Nickel Gnomes

image Perhaps Step 2 was to steal copper?

While flipping through a CRC Handbook whose days in the United States are dwindling, I came across a section that described the naming conventions of each chemical element. Most of the names made sense to me. For example, Nobelium is named after Alfred Nobel (surprise!). However, the Nickel entry was the following: Nickel: Named after Satanor Old Nick This confused me greatly. What the heck is Santa Claus doing hanging out with Satan [1]? After a bit of poking around on the internet, I found an article from 1931 by a guy named William Baldwin called The Story of Nickel, How "Old Nick's" Gnomes were Outwitted. Needless to say, this did not allay my confusion. Here is the relevant passage from the article: In the early part of the eighteenth century fresh lodes of ore were laid open in Saxony where from times immemorial silver and copper mines had been worked. This new ore was so glittering and full of promise as to cause the greatest excitement, but after innumerable trials and endless labor all that could he obtained from the ore was a worthless metal. In disgust the superstitious miners named the ore kupfer-nickel after "Old Nick" and his mischievous gnomes who were charged with plaguing the miners and bewitching the ore. This "worthless" metal is nickel. Kupfernickel is the German name for the nickel ore (see image below) which comes from the words kupfer, meaning "copper" and nickel, meaning "demon."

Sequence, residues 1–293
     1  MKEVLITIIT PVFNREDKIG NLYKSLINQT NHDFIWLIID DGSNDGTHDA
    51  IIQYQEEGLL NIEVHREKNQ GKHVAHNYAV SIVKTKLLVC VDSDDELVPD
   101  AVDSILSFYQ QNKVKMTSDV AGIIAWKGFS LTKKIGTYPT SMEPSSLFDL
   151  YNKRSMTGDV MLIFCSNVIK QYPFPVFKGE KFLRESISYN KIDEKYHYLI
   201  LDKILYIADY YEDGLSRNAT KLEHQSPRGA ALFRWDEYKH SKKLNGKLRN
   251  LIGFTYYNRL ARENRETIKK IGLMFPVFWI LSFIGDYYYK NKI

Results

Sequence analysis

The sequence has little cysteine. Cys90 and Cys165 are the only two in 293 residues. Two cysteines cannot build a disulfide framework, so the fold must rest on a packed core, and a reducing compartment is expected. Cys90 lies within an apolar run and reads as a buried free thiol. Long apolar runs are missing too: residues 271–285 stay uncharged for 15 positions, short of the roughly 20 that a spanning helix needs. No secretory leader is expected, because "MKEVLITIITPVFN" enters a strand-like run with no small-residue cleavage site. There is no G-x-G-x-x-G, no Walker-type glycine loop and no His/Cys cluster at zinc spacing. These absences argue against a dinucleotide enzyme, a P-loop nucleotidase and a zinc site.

image Ore that, if not for gnomes, would contain that sweet sweet copper

And that's the story of Nickel! Tune in next time [2] for our ongoing 118-part series, Better Know an Element! [1] Turns out "Old Nick" is an English name for the Devil. Go figure. But those of you named Nicholas should not be upset, as your name comes from the Greek Nikholaos, which literally means "victory-people." So you've got that going for you. [2] I have no plans of ever doing this again.


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